Devotion in Motion: Make an overture

12 ¶ Hatred stirs up strife, But love covers all sins.  ~  Proverbs 10:12  (NKJV)

By Bro. John L. Cash

The dictionary defines an “overture” as  “an introduction to something more substantial.”  Orchestras have overtures at the beginning of long symphonic works. Parents and children make them, too, in the process of being a family. Allow me to illustrate.

When Seth was 15 years old, he and I didn’t “chime.” We didn’t speak much, and when we did we had arguments instead of conversations. With the passing of time, I can’t really remember why we didn’t get along; I don’t feel like digging through it because it’s painful to recall. It’s really kind of hard to believe it happened. We are so close now, and all our dealings are happy and good. But at that time, it was horrible. I guess it’s just the natural result of what happens when you mix together teen-angst and middle-aged-geezer-ideas in close quarters.

One day during the period when our relationship was at its worst, I was shopping for a get-well card for a church member. In the process I ran across one of those fancy Hallmark greeting cards that plays music when you open it. Even though the card was expensive, and there was no special occasion (plus I was mad at my younger son), I made an impulse decision to buy the card for Seth. It seemed like something Seth would love. Plus, I hoped it might make things a little better.

The song that the card played was “Country Boy” by Johnny Cash. Seth and I both like Johnny Cash because he was awesome and also because he is our distant cousin. The lyrics of the song were very apropos for my country boy, Seth, too:make-an-overture

You get a wiggly worm,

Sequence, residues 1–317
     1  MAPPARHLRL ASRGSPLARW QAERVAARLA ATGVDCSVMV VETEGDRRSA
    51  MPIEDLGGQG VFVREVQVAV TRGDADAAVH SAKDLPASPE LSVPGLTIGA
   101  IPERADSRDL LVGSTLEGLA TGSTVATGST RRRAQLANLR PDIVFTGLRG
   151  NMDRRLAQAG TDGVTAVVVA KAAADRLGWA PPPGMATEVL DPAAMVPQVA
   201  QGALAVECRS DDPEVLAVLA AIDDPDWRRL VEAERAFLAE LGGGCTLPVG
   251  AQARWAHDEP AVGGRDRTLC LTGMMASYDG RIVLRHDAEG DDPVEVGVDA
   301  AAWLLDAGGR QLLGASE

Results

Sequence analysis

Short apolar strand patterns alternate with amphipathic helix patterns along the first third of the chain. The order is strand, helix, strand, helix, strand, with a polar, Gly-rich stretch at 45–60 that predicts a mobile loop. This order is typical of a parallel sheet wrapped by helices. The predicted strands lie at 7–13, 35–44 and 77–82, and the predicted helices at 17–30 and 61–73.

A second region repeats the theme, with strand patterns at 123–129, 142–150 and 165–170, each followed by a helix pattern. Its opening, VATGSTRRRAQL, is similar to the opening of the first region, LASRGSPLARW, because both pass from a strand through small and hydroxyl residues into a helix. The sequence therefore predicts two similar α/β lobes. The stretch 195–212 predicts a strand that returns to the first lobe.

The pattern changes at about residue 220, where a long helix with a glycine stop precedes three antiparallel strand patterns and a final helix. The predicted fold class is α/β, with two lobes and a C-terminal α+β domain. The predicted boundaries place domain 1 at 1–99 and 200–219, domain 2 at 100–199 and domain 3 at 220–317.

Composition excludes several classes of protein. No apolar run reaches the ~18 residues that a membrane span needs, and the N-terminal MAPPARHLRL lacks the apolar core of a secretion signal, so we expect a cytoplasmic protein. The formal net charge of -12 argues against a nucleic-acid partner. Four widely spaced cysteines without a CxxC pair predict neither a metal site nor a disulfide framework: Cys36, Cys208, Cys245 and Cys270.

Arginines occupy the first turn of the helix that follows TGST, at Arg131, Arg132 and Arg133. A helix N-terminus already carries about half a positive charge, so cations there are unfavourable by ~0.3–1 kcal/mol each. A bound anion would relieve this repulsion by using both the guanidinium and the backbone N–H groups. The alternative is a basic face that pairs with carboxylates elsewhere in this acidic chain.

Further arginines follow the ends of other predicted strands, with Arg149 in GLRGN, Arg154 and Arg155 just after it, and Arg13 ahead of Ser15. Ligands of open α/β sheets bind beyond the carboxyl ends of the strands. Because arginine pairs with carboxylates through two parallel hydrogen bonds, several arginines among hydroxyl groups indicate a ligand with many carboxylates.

And then you watch him squirm.
While you put him on a hook,
And you drop him in a brook.
If everything’s gonna turn out right,
You’re gonna fry fish tonight.

Country boy, you lucky thing.
Country boy, I wish I was you, and you were me.

Well, after I gave Seth the card, we still didn’t talk much. And we really didn’t get along any better. But something very nice happened. In the middle of the night when I was in bed, sometimes I would hear a sound. It was Seth listening to the song in the greeting card. He would open the card over and over.

It may sound dumb, but that meant a lot. Seth and I didn’t get along, and we didn’t agree on much. But it was nice to know that we both liked Johnny Cash and “Country Boy” and the Hallmark Card. It wasn’t a cure-all, but it was an overture — an introduction to something more substantial.

Looking back, it’s hard to believe Seth and I were ever at such odds with one another. He is such a great help to me and a loving comfort to me in so many ways. I guess he made some overtures, and I made some overtures, and it was the start of something more substantial.

Overtures are good things. You should make some this week. You’ll probably have a lot of regrets in your life. But I guarantee this won’t be one of them.

rp_john-l-cash-212x300.jpgDr. John L. Cash is the “Country Preacher Dad.” He was raised in Stuttgart, Arkansas, and has spent the last 31 years being a country preacher in the piney woods five miles south of the little town of Hickory, Mississippi. (On week days has a desk-job at a public school, where he used to teach Latin on closed-circuit-television.)  He and his lovely wife, Susan, live in the parsonage next door to the Antioch Christian Church (where the weather is finally a little cooler this week.)  Their kids include Spencer (age 25), his wife Madeline (age 25), and Seth (age 22), and his wife Leanne (age 21). You can send him a note at